• It lowers the barriers to entry for new investors: One of the most significant benefits of commission-free trading is that it reduces the barriers to entry for new investors. With no commission fees to worry about, anyone can start trading stocks without investing a lot of money. This makes it easier for people who would have otherwise been intimidated by the thought of investing to get started.
  • Order execution quality may not be that relevant. Investors who put a fixed sum of money into the stock market every month may not be particularly affected by the quality with which their orders are carried out. We discussed how relying on single execution venues, and market centers can lead zero commission brokers to offer worse order execution. But because retail investors will generally not be trading in large quantities or frequently (most trades a below 100 shares), the rebates that a smart routing system would provide are negligent.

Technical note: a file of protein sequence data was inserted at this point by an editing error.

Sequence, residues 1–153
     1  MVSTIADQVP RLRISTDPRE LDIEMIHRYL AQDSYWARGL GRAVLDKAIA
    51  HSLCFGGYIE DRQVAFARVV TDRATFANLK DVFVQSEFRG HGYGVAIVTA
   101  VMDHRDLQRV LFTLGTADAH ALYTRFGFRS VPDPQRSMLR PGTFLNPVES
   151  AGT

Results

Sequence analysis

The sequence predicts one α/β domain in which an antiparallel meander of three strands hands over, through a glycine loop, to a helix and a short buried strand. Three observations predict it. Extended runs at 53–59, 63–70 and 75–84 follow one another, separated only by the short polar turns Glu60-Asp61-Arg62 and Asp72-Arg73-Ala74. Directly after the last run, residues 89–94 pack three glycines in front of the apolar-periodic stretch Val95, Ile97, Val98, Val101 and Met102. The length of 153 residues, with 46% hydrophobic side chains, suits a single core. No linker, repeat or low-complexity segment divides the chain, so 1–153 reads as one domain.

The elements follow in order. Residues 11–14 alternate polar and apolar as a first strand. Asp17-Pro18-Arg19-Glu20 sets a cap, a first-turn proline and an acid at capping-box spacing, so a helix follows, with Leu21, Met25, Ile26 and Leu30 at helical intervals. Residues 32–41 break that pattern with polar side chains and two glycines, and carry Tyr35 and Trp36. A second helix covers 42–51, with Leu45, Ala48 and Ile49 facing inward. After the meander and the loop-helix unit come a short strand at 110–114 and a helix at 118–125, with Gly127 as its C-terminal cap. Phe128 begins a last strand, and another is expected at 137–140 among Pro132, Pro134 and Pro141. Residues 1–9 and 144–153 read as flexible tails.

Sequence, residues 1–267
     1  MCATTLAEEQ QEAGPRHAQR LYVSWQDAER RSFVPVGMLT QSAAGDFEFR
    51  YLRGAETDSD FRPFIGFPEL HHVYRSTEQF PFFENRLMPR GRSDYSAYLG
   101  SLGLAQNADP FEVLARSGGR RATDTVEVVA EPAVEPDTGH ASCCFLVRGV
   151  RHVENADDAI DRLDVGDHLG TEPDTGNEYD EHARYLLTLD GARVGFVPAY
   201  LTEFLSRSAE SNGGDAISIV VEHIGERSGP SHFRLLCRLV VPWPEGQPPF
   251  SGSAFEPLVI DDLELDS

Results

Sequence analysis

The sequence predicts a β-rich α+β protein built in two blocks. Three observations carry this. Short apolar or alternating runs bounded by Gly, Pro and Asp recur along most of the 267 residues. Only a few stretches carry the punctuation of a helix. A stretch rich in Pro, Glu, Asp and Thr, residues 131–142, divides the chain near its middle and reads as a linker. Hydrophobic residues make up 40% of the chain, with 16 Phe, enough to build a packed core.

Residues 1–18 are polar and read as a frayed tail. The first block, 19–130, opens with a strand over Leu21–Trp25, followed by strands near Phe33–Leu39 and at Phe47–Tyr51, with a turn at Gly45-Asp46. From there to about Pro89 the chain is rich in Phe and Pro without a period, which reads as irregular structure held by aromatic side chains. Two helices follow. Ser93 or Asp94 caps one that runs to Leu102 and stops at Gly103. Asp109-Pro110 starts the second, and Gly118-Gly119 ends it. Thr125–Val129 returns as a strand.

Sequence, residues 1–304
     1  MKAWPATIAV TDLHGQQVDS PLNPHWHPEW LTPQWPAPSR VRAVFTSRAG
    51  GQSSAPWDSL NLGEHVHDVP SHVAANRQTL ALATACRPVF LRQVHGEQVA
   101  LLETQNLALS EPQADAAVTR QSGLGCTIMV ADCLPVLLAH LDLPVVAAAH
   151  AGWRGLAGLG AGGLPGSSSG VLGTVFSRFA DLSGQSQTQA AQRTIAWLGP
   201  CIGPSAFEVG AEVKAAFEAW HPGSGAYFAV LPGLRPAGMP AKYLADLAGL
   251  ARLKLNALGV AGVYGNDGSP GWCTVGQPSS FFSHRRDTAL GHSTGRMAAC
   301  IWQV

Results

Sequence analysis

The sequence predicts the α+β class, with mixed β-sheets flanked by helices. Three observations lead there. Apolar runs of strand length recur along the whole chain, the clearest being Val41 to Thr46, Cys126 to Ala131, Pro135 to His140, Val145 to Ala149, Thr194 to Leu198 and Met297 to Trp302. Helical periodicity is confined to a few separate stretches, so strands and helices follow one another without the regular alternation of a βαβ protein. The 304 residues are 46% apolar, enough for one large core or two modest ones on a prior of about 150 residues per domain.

• It makes mistakes cheaper. Almost all investors have burned their fingers at some point by making a mistake with their investments. Commission-free trading makes mistakes more affordable since you’re not losing any money on the commission fees. This can help investors learn from their mistakes more quickly and hopefully make more informed investment decisions.

Do the pros outweigh the cons of using a zero-commission broker?

We haven’t seen proper data studies yet on the long-term effects of commission-free trading. So far, it’s been mostly raised fingers from ESMA and other regulators without much statistical backup. So it’s hard to say for sure whether or not the pros outweigh the cons.